I didn't, in the end, visit the Australian Indigenous a exhibit. In the foyer was an installation constructed by families visiting the museum after seeing the Indigenous Australian Exhibit. They were asked to use who they had learned from the exhibition to draw their favourite object from the museum - using a colour based on the form of transport they used to reach the Museum. I found this really exciting - a way of intellectually grasping some of the significance of the art and culture. 

When I left just after 6pm people were still arriving - the Museum opens till 8.30 pm.

As a child, my father truanted from school and spent much of his time in the British Museum. I couldn't help but wonder how that child would see it today - and how the Museum would see that child.

Tomorrow I leave Bloomsbury for Hampton Court and different sorts of adventures.

Thursday, 28 May 2015

Bloomsbury and St Paul's

I decided this morning to take advantage of the improved state of my knees to walk around Bloomsbury and Covent Garden. I have decided to spend my limited time locally rather than heading for major attractions. I regret missing the Natiinal Gallery and Tate Modern this time - but I can't do it all and it's a shame not to explore the precinct.

My walk took me around the British Museum to Russell Square, down Bury St, where I stopped briefly at the impressive London Review Bookshop (no, didn't indulge, I'm travelling light with ebooks!). Its attached foodcourt was full of hopeful Cordon Bleu chefs.

This area has several Scottish outfitters. I loved this patchwork tartan bag.

I was hoping to visit St George's Church, but it doesn't open until afternoons. It's interesting to see the interfaith support declared by churches in this area.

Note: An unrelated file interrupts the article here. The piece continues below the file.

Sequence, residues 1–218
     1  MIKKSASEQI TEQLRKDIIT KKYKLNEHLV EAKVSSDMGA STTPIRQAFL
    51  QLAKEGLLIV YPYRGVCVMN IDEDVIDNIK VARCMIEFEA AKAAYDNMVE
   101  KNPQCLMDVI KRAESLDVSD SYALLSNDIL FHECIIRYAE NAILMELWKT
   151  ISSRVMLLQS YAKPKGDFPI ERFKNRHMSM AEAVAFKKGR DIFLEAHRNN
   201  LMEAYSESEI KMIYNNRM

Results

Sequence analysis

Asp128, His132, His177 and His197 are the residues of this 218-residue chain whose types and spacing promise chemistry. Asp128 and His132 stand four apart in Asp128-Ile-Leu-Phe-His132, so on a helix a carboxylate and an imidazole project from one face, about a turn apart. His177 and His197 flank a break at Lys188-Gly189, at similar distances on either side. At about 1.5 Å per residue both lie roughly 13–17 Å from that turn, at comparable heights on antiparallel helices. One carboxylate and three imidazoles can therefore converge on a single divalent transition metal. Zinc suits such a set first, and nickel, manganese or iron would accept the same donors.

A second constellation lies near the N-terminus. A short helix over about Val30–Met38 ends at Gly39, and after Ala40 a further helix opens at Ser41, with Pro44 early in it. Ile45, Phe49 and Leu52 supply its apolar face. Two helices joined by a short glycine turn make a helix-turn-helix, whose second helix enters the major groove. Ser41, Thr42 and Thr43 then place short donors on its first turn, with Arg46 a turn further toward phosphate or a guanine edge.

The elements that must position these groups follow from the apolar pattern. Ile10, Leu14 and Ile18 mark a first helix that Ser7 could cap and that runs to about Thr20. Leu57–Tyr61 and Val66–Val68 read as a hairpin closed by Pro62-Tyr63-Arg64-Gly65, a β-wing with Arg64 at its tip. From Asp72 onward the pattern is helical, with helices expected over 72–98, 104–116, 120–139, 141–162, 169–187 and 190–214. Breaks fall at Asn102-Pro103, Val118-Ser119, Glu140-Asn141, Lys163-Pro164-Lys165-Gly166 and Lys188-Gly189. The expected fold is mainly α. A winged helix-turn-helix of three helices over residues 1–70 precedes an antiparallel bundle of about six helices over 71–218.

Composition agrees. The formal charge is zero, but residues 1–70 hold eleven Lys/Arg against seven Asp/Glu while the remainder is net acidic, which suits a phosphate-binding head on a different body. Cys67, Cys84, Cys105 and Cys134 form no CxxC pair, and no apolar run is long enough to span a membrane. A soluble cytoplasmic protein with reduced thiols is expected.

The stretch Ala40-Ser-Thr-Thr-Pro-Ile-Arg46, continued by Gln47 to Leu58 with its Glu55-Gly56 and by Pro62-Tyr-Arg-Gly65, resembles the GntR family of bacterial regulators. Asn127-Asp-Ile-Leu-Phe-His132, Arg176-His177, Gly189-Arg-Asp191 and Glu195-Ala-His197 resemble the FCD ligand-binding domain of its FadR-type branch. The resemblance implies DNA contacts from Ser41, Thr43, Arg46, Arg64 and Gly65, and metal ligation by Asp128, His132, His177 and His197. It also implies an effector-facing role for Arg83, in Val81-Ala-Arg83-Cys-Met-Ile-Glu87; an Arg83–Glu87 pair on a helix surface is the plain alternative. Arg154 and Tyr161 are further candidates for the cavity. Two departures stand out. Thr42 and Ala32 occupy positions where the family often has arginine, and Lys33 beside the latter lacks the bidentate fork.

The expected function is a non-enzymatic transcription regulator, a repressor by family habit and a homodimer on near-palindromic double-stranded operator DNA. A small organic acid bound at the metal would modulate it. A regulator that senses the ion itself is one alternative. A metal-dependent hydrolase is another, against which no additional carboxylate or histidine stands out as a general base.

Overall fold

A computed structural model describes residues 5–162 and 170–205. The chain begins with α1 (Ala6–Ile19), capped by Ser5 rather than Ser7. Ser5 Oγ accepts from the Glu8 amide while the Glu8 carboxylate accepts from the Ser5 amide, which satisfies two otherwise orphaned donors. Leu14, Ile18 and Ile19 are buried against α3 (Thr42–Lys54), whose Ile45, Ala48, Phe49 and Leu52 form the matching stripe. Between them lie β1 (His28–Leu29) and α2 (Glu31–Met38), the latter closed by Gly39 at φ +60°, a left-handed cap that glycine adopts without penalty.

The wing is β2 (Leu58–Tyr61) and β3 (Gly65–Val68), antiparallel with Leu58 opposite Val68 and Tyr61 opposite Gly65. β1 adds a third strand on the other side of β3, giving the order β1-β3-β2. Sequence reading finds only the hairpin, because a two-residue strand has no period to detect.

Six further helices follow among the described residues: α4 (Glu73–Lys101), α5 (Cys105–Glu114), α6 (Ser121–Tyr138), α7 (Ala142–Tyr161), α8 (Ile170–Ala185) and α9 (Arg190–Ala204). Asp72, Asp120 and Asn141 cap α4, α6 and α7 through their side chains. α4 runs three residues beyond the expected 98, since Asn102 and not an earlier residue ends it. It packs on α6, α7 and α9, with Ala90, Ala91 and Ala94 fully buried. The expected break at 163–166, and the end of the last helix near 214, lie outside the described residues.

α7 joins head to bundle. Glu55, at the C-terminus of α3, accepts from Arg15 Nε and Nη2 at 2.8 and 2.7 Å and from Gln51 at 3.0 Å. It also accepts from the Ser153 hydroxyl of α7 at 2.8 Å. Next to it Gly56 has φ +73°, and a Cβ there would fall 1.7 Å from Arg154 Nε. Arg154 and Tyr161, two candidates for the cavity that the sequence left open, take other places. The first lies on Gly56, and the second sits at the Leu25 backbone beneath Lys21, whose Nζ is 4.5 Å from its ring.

I headed down Drury Lane, with its barber shops, of varying degrees of sophistication.

A few costume shops have survived the invasion of eateries 
along with regalia shops.
Around the corner in Queen Street is the monumental and seemingly impenetrable Masonic Building
and not far away, Aviation House, with its odd injunction to "Enter, Rest, Pray" over the door. Perhaps that could also be inscribed over the doors on long haul planes!

A fashionable hat
and a ceramics display caught my eye before I took a rest in Bloomsbury Square and headed back to put my feet up for a bit.
In the afternoon I caught a bus to St Paul's. As the bus stop was outside the now open St George's Church, I popped in to have a look. It is a lovely square shape with a new chandelier acquired from the Netherlands and an interesting lectern.
Many readers are aware that today is the first anniversary of Jim's death. I'm grateful for and sustained by all the messages of support.

We both liked St Paul's and attended the choral Evensong there last time we were in London. I spent a bit of time time today walking around St Paul's.
I lit quite a lot of candles - enough for all of us -in front of the Holman Hunt painting "Behold I stand at the door and knock". Jim was one for opening doors, so it seemed fitting. The candles made steady and bright light for a long time.

I had a drink and ice cream in the cafe, then sat under the dome and stitched for about 45 minutes until Evensong - still, I think, my favourite Anglican service.

Photos are not allowed so I don't have a lot to show. The music was lovely. I'd have preferred more chance to join in the singing of the responses, but I understand the notion of a choir responding on our behalf - and it fits with the statement of the architecture - the colour of the mosaics,  the gold, the words, the music and the depicted stories lifting our spirits to the light. I'm very glad I went. It worked for me. 
When I returned to my hotel the bar music was loud, so to preserve my centeredness I ate at a pleasant local Greek Taverna. I hope others were as blessed today.